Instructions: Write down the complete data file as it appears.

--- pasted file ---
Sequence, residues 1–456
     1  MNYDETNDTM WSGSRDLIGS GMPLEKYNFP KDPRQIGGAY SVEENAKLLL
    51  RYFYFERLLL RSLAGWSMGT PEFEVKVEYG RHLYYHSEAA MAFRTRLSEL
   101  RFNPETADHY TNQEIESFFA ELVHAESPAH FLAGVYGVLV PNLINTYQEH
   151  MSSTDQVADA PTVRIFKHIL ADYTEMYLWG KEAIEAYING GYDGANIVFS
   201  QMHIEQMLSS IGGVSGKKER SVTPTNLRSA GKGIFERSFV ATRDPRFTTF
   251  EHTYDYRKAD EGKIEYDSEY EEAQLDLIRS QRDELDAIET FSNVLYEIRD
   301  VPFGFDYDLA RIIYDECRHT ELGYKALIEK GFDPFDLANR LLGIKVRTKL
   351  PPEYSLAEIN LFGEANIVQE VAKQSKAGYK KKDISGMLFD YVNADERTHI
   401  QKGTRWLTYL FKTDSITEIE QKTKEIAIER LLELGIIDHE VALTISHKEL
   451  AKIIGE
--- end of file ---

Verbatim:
Sequence, residues 1–456
     1  MNYDETNDTM WSGSRDLIGS GMPLEKYNFP KDPRQIGGAY SVEENAKLLL
    51  RYFYFERLLL RSLAGWSMGT PEFEVKVEYG RHLYYHSEAA MAFRTRLSEL
   101  RFNPETADHY TNQEIESFFA ELVHAESPAH FLAGVYGVLV PNLINTYQEH
   151  MSSTDQVADA PTVRIFKHIL ADYTEMYLWG KEAIEAYING GYDGANIVFS
   201  QMHIEQMLSS IGGVSGKKER SVTPTNLRSA GKGIFERSFV ATRDPRFTTF
   251  EHTYDYRKAD EGKIEYDSEY EEAQLDLIRS QRDELDAIET FSNVLYEIRD
   301  VPFGFDYDLA RIIYDECRHT ELGYKALIEK GFDPFDLANR LLGIKVRTKL
   351  PPEYSLAEIN LFGEANIVQE VAKQSKAGYK KKDISGMLFD YVNADERTHI
   401  QKGTRWLTYL FKTDSITEIE QKTKEIAIER LLELGIIDHE VALTISHKEL
   451  AKIIGE